In early 2019, I filed a complaint with Nixle that six of my City Council colleagues also signed against the Bhalla administration for sending out repeated emails via Hoboken’s Nixle Alert system that criticized City Councilmembers.  Nixle acknowledged the issue, said though they had no reason not to believe Hoboken's Corporation Counsel Brian Aloia who defended the practice, but did say they did not want to see it continue.  It was an election year, the City Council Ward races were just 10 months away, and the Bhalla administration’s unofficial campaigning and mudslinging was underway.  It is a little early now, with Ward races not until November 2023, but the same advisor to the mayor – Vijay Chaudhuri – is back in City Hall and at the helm and once against IMHO (and others) using the Nixle Alert system as his own personal campaign tool for the mayor.  I wonder if he fully realizes that doing so is not only a breach of Nixle’s Terms of Service of Nixle which prohibits use of the system for "for political...purposes" or transmitting "fraudulent, deceptive, or misleading communications..." but could potentially be considered a crime in NJ to use public assets for personal gain
The two most recent, and most flagrant examples are the nixle on March 2nd (still on the city’s website) where the mayor calls me “disingenuous” for trying to fight the dispensary at the former Hudson Tavern site, and then the one last week on May 18th (no longer on the city’s website), where he chastises four City Council members for not supporting his proposed municipal complex.  I am writing a separate newsletter on this topic, but in brevity, I don’t support the complex currently because Mayor Stack of Union City and the neighboring developer have bigger seats at the table than Hoboken residents and taxpayers.  It is way more complicated and involved and requires a separate newsletter.
If you filed a complaint against your neighbor, how would you feel if your neighbor got to pick the judge who would rule on the complaint?  The Bhalla administration is who approved all of the Hoboken’s parklets and in general, and IMHO did a good job.  In some instances, however, those decisions are being appealed – neighbors challenging whether the administration complied with our ordinance in terms of size and location.  And what is being appealed is the decision made by the administration.
The appeal process gives the City Council the right to hear the appeals. That makes sense given we made the law, but it is the administration who executes under the terms of the law – that is the executive branch or the Mayor’s administration.  The ordinance also allows the City Council to designate someone to hear the appeals if we want.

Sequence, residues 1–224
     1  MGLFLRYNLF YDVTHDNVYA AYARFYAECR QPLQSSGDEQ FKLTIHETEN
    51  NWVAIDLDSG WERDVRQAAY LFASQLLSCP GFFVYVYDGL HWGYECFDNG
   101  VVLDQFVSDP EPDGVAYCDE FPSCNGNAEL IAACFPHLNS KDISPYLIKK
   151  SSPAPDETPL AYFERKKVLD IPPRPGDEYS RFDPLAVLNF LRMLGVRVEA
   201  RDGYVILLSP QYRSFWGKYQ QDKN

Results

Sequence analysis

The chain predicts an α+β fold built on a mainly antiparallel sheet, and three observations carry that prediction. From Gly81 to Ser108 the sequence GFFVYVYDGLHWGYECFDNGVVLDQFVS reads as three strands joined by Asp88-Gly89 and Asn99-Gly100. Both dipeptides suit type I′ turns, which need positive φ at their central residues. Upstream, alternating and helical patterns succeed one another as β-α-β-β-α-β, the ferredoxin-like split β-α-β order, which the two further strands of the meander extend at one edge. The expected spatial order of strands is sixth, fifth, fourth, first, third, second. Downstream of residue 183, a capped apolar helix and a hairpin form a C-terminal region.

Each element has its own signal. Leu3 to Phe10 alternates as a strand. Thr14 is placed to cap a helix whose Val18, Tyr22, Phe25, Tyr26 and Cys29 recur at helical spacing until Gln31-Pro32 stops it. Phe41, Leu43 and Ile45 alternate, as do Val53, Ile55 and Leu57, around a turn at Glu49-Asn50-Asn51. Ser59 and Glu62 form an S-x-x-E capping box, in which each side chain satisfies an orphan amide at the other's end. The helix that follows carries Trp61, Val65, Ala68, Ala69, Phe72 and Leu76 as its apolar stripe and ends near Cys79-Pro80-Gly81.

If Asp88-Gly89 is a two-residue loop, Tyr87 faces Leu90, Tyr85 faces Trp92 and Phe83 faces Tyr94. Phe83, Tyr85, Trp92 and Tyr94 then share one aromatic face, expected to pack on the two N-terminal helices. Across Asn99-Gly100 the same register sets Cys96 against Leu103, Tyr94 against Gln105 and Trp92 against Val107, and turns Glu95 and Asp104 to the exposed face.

Last week, the City Council did just that and voted 5-4 to designate someone else to hear the appeals.  But their designee was the administration itself - specifically Corporation Counsel - to hire the person to hear the appeal.  The same administration who's decision is being appealed.  So in effect, this vote allowed the administration to be both the defendant and to hire the judge.  I raised this issue, but it passed anyway.  Giattino, Ramos, DeFusco and I voted against this.
The circumstances make the appearance of impropriety even worse.  McSwiggans is one of the two parklets being appealed and is also the bar that is at the center of the ethics grievance filed with the Office of Attorney Ethics - A Serious Matter - Deja Vu, only worse - Tiffanie for Hoboken 2nd ( -  when it was discovered that the owner of McSwiggan’s hired John Allen’s law firm (and now Mayor Bhalla’s law firm) last summer for their corporate restructuring.  John Allen is a lawyer in our Corporation Counsel office. Adding to this the owner of McSwiggan’s donated $10,400 to Team Bhalla candidates in October and notably, Corporation Counsel is specifically an appointee of the Mayor Bhalla, with no input or discretion from the City Council.  At least part of what is being appealed is what neighbors feel was a back door approval of McSwiggans parklet.  This was discussed last August, during a public City Council meeting.  Hoboken’s Business Administrator Jason Freeman and Corporation Counsel Brian Aloia initially tried to defend the City's action saying they didn’t have to follow local law because state law applied, but they changed their tune when it was pointed out (by me) that state law actually didn’t apply to parklets in the street. 
But back to the vote - five City Council members thought it was ok to ask Corporation Counsel to find the right judge.  And three of these five received $2,600 each from the owner of McSwiggans in October for their election.  All this said, do I think either the neighbors or McSwiggans will get a fair hearing?  Sadly no.